Here are my statistics for this consolidation:
doses of chemo: 6
visitors (counted only once/person):6
meals I ordered delivered correctly by hospital staff: 8/13
meals I ordered delivered correctly by commercial take out staff: 1/1
how happy I am to be home now: infinity
Compared to consolidation #1, this one was much easier. I feel completely "with it" now (remember I was quite "without it" after my last one); I am a little tired, but not overwhelmingly so. It was harder at the beginning, however, I think, because I had five weeks off instead of the previous measly four so I was starting to see that I could feel normal if I just kept off the poisons. I was not quite so willing to get back on them as I had been the first time.
Another difference is that this time (as is highlighted above) the food service was sending in random meals at some points. I was not all that excited about eating all the time anyway (one of the LNAs said to "eat like it's medicine" and I often have to) and to have something I wouldn't like under good circumstances show up is not that helpful. On the other hand, it became a little funny eventually to see what ridiculous things might show up on the tray. Vegetarian chili? No, sorry, pork roast. Entertainment is always welcome even if random foodstuff is not. Anyway, I'm home now and had Green Bean gorgonzola salad and pesto/mozzarella/tomato sandwich for dinner. I'm stuffed and it clearly made up for several of the "medicine meals" eaten at the hospital.
A second difference is that I expanded my walks a bit. I had previously seen the signs for the "Albert Schweitzer" trail, but had never followed them because I think I felt a little fragile and didn't want to potentially stray that far from the hospital. This visit I was feeling a little more self-confident and stronger and crossed the road (after googling the trails and memorizing their routes). It turns out the trails are completely on hospital land and are about one million times nicer than the circumferential hospital trail (like, they are real woods trails that go up and down and have old trees around and roots across the path and everything). This was good for morale, too.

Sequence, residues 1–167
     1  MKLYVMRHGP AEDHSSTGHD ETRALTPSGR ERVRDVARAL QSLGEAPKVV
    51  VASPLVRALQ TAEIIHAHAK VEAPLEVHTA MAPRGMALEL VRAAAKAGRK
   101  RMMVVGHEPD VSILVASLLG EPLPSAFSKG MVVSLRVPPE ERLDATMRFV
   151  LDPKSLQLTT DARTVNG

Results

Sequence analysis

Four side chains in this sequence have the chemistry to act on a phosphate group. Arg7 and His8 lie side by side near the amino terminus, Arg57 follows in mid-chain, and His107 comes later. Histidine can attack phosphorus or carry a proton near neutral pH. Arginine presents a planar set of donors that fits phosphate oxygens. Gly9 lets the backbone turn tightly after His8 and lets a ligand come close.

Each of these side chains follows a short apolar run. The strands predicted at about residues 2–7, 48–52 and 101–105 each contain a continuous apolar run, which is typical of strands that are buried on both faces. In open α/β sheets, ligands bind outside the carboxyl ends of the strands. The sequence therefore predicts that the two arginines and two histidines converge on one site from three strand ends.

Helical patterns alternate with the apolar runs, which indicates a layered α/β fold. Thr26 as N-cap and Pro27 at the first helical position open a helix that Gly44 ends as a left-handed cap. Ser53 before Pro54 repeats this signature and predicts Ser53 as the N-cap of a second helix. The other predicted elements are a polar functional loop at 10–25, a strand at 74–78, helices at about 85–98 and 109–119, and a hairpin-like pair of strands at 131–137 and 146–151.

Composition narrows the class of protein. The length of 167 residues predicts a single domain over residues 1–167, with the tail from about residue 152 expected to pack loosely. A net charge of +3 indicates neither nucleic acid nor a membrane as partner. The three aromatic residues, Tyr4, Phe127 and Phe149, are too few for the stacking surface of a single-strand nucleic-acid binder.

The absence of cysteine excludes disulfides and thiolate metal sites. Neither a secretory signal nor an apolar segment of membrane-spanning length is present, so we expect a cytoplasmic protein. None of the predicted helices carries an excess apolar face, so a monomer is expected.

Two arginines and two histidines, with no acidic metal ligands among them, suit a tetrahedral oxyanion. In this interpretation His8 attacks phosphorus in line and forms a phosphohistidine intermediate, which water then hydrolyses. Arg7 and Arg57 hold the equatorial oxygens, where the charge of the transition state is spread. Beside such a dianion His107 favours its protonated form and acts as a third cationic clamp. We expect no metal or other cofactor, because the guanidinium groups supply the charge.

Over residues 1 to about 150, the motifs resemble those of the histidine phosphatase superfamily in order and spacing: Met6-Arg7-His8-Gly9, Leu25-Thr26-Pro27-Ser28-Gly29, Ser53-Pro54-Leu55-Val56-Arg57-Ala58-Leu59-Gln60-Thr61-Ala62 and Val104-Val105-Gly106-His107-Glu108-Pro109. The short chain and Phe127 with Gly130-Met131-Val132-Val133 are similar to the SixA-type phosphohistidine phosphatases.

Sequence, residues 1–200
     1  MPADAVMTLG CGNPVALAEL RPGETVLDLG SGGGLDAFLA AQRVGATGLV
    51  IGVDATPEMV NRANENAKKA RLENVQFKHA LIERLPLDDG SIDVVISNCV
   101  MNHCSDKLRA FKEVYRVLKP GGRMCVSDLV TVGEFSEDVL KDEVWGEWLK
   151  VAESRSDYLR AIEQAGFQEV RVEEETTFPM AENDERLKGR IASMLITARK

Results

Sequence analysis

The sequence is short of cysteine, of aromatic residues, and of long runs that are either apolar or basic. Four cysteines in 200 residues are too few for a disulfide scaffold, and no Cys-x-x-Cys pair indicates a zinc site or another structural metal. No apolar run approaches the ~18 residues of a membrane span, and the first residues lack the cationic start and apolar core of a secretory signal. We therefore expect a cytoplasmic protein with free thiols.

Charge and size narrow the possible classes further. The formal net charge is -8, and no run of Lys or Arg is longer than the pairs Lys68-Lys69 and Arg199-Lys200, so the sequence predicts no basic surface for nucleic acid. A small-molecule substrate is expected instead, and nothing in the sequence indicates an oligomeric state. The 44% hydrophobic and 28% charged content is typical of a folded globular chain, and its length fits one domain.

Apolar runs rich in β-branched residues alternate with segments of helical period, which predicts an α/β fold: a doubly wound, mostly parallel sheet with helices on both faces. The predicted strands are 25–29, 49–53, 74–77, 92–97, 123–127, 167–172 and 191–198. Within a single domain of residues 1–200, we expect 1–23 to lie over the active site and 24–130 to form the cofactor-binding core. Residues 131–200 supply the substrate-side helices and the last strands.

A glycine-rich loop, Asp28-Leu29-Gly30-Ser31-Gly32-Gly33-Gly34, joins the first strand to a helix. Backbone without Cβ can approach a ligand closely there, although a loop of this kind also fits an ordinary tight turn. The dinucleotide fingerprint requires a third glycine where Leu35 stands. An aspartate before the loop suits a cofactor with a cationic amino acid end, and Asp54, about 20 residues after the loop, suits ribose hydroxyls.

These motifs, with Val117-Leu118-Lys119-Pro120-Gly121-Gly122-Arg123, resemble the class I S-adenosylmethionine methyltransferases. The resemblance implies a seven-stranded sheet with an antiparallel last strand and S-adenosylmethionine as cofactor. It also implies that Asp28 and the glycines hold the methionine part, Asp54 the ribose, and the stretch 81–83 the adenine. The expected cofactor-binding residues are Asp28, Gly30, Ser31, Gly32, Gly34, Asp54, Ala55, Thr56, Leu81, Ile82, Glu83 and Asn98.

A final difference was that this time I officially became too uninteresting for the residents' team and was followed by the nurse practitioner. Whether or not I'm interesting is somewhat debatable, of course. I am able to grant immediately that medically I am the dullest patient on the floor (happily!), but I think by virtue of the fact that I'm a practicing doc myself I have a thing or two to offer to residents that is actually hard to get in other ways. On the other hand, they may have gotten a lot of that in their first day with me (who knows what the heart absorbs when?).
Be that as it may, initially, no one explained to me that being on the nurse practitioner's service meant that the attending would still be seeing me. This was a fairly reasonable assumption because my first day on the NP team, the attending did not round on me (the fellow had and that counts for administrative purposes and I was spending a lot of time on the afore-mentioned trail so he couldn't find me, but didn't leave a note or call so I didn't know). I thought it meant that all the faces I had grown accustomed to would evaporate and I was feeling quite abandoned. (note the recurrent problem: goodbye not said) But guess what happened that was really, really nice? The intern who had been to busy to do more than the minimum in the morning had promised to come back to chat and he did. He was under absolutely no obligation to. I was no longer his patient. He could easily have stuck his head in and said something perfunctory or he could have come in and had a short chat with me, but he stayed for a long while--asked questions he didn't have to, answered questions of me he didn't have to. I was touched and impressed. I am quite sure he's going to be really good. Then this morning, I went for a walk (to get the coffee that I have discovered I can stand) and I saw the intern again. He said hi and remembered that I was leaving today. Then a while later I saw the fellow; same thing. I have had many a non-recognizing experience in the common area of the hospital; it made me feel noticed, appreciated. I liked it. I'm not sure what the difference was this admission, but it's good.
Now, after a non-eventful ride, I'm home. I took the dog for a walk, helped a little with homework, walked downtown to get dinner, ate too much and have read one of the semi-junk journals that get sent to us. About once/year I get hooked by an interesting title or two and always waste more time than it's worth. Anyway, a meta-analysis of 300,000+ primary and secondary MI prevention shows that about 50% of primary prevention patients and 67% of secondary prevention patients being adherent to their meds (having the med on hand 75% of the time is their definition). Yikes! Beta blockers are the secondary prevention med people are most likely to skip and diuretics and beta blockers are the primary prevention med people are most likely to skip. Food for thought.
I'm tired now and going to go to bed. I am happy to have felt appreciated and noticed today by the house staff (that's the technical term for residents and fellows). I hope you are feeling appreciated and noticed. I am even happier to be home. I hope you are right where you want to be tonight.